Overcoming the 3 biggest challenges with Citrix MCS

Citrix MCSWith all the stories around MCS vs PVS etc I wanted to write a blogpost on how Nutanix can help you overcome the issues that you would see in a legacy 3-tier / local disk architecture using Citrix MCS. This is not a PVS vs MCS blogpost but I thought it would be a good idea to show how Nutanix solves the 3 biggest challenges with Citrix MCS.

With the excellent blogpost written by Martijn Bosschaart here Provisioning with Nutanix Part 1 the inner workings of Citrix MCS are explained. The thing I wanted to highlight on in this blogpost are the three typical challenges you would see with Citrix MCS on legacy infrastructures and how Nutanix can overcome these challenges making Citrix MCS a valid solution for your desktop virtualisation projects.

The 3 biggest challenges with Citrix MCS and how you can overcome them by using the Nutanix Xtreme Computing Platform are as following:

  • Read IO
  • Datastores
  • Linked Clone technology and data locality

How does Nutanix solves those issues? Here goes!

1) Read IO

When you compare Citrix PVS with Citrix MCS you usually get more read IO from Citrix MCS as stated in this blogpost PVS vs. MCS Revised on the Citrix Blogs. Nick Rintalan (Lead Architect & Director in the Americas Consulting organization) describes that they’ve seen up to 13% more read IO. Which is kind of obvious as PVS gets it’s reads from the network esp during the boot phase so having more reads over MCS makes sense.

So let’s take a look at the Distributed Storage Fabric (DSF) I/O Path:


Looking at the way Nutanix handles IO reads will be served from RAM and/or SSD as RAM is the fasted way to access data (not to store data as storing data in RAM comes with data integrity issues) while you can easily store more consistent data on SSDs while delivering an optimal performance.

In short, handling Read IO on the Nutanix DSF is easy, we serve IO from the most optimal path.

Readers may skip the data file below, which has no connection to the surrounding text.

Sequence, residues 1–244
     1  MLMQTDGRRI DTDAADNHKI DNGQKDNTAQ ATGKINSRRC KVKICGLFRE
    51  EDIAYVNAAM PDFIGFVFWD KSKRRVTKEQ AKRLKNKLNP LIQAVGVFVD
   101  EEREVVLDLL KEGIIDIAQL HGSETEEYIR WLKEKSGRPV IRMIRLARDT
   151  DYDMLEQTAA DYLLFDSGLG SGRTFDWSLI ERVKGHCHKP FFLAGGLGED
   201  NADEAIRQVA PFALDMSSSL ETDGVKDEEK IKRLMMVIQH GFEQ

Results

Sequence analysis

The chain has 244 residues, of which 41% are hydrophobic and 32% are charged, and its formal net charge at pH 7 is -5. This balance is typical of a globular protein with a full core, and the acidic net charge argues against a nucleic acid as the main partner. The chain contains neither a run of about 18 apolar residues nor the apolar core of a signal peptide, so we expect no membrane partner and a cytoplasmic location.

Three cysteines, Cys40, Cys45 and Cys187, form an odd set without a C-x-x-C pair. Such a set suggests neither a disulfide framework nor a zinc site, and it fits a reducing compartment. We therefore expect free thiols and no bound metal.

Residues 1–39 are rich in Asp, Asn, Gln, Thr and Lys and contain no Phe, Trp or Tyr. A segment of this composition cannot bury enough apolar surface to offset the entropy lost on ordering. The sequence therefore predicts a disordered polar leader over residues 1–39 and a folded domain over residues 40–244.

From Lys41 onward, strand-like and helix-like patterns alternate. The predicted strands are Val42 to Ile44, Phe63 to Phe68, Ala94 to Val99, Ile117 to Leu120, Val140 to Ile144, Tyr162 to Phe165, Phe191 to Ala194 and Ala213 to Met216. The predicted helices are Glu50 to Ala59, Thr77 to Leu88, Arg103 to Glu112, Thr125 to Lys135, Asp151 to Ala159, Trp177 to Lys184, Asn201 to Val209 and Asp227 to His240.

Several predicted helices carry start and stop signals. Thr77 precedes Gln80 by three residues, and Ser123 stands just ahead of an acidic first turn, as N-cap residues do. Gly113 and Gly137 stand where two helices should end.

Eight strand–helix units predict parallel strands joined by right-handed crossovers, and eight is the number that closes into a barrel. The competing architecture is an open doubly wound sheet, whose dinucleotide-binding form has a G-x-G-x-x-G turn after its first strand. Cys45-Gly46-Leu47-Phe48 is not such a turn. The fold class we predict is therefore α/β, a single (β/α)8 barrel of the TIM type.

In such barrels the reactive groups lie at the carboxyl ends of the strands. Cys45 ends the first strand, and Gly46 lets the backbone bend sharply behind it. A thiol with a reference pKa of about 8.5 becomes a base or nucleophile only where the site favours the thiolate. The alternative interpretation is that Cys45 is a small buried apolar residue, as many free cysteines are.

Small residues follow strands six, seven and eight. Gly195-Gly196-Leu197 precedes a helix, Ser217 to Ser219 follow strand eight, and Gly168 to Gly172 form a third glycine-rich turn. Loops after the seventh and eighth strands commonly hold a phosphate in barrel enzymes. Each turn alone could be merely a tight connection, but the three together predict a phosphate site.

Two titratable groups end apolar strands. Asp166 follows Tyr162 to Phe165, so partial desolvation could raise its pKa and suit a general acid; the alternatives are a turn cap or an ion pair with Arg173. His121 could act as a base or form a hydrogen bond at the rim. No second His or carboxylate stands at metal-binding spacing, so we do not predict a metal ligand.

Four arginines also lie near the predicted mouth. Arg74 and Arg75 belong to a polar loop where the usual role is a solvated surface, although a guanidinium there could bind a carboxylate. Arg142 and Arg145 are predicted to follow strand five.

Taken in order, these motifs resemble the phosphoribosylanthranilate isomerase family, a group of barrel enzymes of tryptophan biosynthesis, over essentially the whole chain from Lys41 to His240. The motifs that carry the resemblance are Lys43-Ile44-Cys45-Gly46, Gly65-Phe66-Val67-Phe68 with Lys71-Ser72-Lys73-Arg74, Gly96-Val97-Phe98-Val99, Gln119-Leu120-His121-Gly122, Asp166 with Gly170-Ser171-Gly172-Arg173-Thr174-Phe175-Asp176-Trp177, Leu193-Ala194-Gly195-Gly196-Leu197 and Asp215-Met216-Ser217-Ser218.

2) Single DataStore

I’ve seen multiple implementations of Citrix MCS on compute nodes (blades, rackmounted equipment etc) on local SSDs. The local SSDs are being utilized to get the speed needed for the high demanding IO needs of a virtual desktop. There are two mains disadvantages to this architecture:

  • Administrative overhead
  • Slow update process

Having multiple datastores will result in an administrative overhead, it will increase the number of possible errors during updates/deployments but it also adds complexity in terms of monitoring balancing out/free space.

Next to that every update needs to be copied on your datastores, this could result in a really slow update process where user experience can differ from host to host depending on if the update was already available. Having a software defined storage solution or HCI like Nutanix is will bring you all the administrative benefits of shared storage AND the performance of local storage.

3) Linked Clones Technologies

As the blogpost earlier mentioned, MCS is based on linked clone technology where the process in MCS is as following:

  • Create a master image
  • Create a snapshot
  • Create machine catalog, select the snapshot, etc

After that a full copy of the snapshot will be created and for every VM you’re creating the differencing disk and identity disk will be created (optionally the Personal vDisk will be created if you’re using that).

What happens next from an IO perspective is interesting, let’s say I have an environment with 8 hosts running 100 VMs each. All the reads for those VMs will go back to the full copy of the snapshot you made, 800 VMs going back to that single VMDK/VHD for reads.. All writes stay local as they’re reverted to the differencing disk. This will result in network latency and thus in decreased user experience. This is way Nutanix has introduced Shadow Clones which is explained in this blogpost:

How Nutanix helps Citrix MCS with Shadow Clones

As my team works on the Reference Architectures and I’m lined up for anything technical in the EUC space I’ve done testing between the two delivery methods and in terms of performance these results came out of the testing (using the same workload/infrastructure):

Citrix MCS Citrix PVS
VSIBase 100% 8% margin

VSIMax Average

100% 18% margin

VSIMax Treshold

100% 3% margin

Read more on this Reference Architecture here:Nutanix Reference Architecture for Citrix XenDesktop Solutions on Nutanix

Concluding we can see that the way Nutanix handles IO will help overcoming the typical issues you’d see while using Citrix MCS and MCS can out perform PVS with the extra goodness Nutanix delivers. This post is not about convincing anyone to go for either MCS or PVS but it’s information that could help people making the proper choice based on facts, not on FUD.

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Kees Baggerman

Kees Baggerman is a Staff Solutions Architect for End User Computing at Nutanix. Kees has driven numerous Microsoft and Citrix, and RES infrastructures functional/technical designs, migrations, implementations engagements over the years.

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